Florian has always been fascinated with the idea of running his own business. “What I always liked about small companies is that they work less conservatively than big corporations.” He worked towards entrepreneurship systematically and completed university courses in business in Denmark. “But of course my experience from working in the industry proves extremely valuable these days.”
Asked about the future of his company, Florian sounds very optimistic and determined. Although Cyprumed were already approached by several venture capitalists, he says he would prefer to cooperate with pharma companies as soon as the technology has reached a certain stage. “Such cooperations will take time. But if a big pharma company decides to adopt our technology, that would mean lucrative income.” While venture capital can certainly be helpful, he fears it may lead to him losing influence over his company.
Three rules for entrepreneurs
An award winning pill; Photo credit: CYPRUMED
Scientifically, the first clinical studies on humans will be the big hurdle for the Cyprumed technology. The plan is to test oral delivery of osteoporosis medicine starting in 2016. And while Florian is optimistic, he also admits: “You can never know whether an agent that shows good results in animal testing also works for humans.”
Growing his business is also on the to-do list, but not as top priority. “We want to grow moderately and maybe develop a clinical-studies program of our own.” “However, hiring pharma experts as a small and early startup is a bumpy road. I have been talking to people I studied with. But they have very well-paid jobs in the industry in Switzerland – wages I could not hope to match at the moment, particularly considering the taxes on labor in Austria.”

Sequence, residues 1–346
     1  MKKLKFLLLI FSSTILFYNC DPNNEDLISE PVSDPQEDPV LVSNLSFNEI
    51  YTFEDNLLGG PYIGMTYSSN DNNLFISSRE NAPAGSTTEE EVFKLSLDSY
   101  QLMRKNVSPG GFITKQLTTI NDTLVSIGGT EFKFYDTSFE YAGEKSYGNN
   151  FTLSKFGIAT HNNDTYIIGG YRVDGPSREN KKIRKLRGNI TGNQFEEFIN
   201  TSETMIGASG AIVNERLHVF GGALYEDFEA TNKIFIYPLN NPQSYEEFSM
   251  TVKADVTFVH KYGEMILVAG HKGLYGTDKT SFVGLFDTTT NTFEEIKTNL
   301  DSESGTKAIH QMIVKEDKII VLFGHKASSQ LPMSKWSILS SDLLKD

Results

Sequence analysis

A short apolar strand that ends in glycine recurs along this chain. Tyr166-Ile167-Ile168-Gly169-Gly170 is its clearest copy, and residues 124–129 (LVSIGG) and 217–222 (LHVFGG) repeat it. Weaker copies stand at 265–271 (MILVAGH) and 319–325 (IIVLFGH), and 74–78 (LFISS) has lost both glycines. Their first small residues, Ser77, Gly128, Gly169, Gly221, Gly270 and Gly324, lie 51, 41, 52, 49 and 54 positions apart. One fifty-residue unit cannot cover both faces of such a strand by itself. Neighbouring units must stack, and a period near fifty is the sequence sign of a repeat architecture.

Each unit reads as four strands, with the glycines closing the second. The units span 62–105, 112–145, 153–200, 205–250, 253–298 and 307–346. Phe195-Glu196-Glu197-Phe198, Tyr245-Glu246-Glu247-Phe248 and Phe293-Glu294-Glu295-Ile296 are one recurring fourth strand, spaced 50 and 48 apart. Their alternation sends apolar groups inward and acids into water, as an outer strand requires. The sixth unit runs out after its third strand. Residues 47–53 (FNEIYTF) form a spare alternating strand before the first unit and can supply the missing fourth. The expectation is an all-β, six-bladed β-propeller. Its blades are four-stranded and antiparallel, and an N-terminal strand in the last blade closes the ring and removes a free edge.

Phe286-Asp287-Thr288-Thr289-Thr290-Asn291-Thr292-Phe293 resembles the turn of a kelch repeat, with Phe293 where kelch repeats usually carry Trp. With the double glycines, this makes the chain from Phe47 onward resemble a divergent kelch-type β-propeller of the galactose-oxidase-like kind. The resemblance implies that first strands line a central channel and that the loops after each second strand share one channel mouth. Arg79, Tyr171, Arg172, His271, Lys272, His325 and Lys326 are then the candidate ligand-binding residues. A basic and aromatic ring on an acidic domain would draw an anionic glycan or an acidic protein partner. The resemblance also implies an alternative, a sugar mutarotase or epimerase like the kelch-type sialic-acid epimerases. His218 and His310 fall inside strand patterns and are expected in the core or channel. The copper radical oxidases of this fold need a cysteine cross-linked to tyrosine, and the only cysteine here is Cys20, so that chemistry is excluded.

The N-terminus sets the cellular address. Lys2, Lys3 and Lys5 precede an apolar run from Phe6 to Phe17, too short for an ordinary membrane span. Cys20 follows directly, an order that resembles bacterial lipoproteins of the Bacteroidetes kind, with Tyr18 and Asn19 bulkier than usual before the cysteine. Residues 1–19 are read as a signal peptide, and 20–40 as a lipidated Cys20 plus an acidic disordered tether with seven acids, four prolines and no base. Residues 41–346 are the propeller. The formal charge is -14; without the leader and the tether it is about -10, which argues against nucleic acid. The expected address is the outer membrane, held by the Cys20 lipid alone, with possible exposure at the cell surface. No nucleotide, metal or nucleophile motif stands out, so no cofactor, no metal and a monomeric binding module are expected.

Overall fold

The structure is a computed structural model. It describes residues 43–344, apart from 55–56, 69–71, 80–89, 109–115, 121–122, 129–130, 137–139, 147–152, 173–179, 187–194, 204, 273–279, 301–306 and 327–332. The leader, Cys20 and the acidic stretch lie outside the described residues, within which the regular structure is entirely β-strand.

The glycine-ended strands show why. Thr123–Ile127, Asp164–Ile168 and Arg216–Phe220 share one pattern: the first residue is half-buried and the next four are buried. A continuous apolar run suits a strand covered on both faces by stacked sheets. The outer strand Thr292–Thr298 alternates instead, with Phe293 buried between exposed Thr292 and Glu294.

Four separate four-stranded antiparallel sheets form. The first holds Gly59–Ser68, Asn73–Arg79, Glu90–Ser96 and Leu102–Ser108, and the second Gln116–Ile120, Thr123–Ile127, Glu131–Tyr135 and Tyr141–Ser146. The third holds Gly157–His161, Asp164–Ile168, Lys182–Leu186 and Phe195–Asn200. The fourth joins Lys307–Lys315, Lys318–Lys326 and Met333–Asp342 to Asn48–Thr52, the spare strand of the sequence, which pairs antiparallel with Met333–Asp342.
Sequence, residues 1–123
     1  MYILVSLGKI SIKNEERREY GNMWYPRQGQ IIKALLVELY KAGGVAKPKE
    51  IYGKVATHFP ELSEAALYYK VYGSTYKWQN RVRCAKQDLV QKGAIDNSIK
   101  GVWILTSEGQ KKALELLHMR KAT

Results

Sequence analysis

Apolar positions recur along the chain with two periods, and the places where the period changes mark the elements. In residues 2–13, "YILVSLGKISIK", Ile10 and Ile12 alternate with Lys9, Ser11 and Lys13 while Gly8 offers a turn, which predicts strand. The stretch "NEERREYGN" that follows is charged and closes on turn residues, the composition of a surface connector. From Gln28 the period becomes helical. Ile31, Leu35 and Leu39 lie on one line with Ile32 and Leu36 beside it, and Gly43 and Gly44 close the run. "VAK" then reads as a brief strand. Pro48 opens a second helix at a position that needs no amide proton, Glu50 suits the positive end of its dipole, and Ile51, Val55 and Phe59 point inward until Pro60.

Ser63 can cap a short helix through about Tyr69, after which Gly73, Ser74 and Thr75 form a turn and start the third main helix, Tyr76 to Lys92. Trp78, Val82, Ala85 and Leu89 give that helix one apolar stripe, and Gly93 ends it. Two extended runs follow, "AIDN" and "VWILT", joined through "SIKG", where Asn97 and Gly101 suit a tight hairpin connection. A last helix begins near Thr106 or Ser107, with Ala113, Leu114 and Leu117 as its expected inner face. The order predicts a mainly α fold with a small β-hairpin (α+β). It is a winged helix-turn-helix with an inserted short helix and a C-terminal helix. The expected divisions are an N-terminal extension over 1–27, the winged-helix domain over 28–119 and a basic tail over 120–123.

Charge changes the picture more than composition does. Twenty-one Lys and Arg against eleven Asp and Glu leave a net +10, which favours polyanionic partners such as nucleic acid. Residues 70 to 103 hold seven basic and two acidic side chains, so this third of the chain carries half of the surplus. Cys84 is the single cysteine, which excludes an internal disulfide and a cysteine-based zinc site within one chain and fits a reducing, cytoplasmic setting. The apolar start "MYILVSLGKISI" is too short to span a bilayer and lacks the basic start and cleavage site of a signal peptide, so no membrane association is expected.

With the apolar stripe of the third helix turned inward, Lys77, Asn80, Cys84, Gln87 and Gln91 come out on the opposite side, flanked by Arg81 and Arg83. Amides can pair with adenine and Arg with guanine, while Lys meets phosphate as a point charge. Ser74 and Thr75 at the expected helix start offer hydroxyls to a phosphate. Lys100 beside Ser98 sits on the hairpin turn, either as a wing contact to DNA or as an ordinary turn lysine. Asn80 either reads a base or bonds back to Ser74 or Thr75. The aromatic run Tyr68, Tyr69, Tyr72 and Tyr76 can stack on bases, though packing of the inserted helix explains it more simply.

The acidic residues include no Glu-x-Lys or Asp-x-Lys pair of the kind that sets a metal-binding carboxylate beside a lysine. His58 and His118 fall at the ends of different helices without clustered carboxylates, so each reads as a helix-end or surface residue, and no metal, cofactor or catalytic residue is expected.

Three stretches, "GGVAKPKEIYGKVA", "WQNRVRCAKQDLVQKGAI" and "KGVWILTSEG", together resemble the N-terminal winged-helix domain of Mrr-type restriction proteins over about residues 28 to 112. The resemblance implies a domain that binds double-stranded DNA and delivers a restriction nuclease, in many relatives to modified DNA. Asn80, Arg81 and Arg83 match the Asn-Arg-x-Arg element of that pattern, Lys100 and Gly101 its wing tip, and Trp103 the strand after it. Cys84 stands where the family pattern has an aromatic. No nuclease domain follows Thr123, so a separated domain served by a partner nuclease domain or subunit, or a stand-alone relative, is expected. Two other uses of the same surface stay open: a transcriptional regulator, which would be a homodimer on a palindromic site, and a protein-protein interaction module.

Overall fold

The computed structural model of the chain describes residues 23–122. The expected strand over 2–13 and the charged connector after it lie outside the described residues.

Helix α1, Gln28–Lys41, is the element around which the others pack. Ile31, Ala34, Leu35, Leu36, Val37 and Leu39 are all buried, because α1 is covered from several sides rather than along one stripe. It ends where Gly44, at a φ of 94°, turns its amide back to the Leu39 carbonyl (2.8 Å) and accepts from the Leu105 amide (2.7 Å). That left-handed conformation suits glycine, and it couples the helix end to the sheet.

He says that in Denmark scientists get a tax relief in their first five years, a system with which the state supports scientific research. Although a reprieve like that would be very helpful expecially in the first years of a startup, Austria has its advantages as well, Florian knows: “Austria is a great place for startups: the grant system is working very well, providing not only funding, but also highly valuable advice and support.”
Asked what advice he would pass on to young entrepreneurs, Florian readily chips in. “First, to be successful you need both scientific expertise in your field as well as business knowledge. Second, you need to pair creativity with target-focus. Number three, and most important: Always be prepared for the unexpected. Plans usually do not work out as one thought they would. Be positive and hopeful, but make sure your financials can cope with one or two setbacks.”
All in all, Florian says he has never regretted his decision to start a company. “To me, it is not about the quick money. I am glad I have the chance to work on something that interests me and have fun working. And I am very optimistic that the Cyprumed technology can bridge the gap and make a big difference for millions of patients.”
This story is brought to you in partnership with AplusB, a programme funded by FFG.